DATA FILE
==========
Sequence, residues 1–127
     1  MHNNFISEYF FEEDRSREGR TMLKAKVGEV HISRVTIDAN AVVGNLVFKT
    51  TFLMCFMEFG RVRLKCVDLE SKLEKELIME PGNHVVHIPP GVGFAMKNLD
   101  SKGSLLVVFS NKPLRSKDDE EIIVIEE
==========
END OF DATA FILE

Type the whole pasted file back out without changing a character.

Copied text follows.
Sequence, residues 1–127
     1  MHNNFISEYF FEEDRSREGR TMLKAKVGEV HISRVTIDAN AVVGNLVFKT
    51  TFLMCFMEFG RVRLKCVDLE SKLEKELIME PGNHVVHIPP GVGFAMKNLD
   101  SKGSLLVVFS NKPLRSKDDE EIIVIEE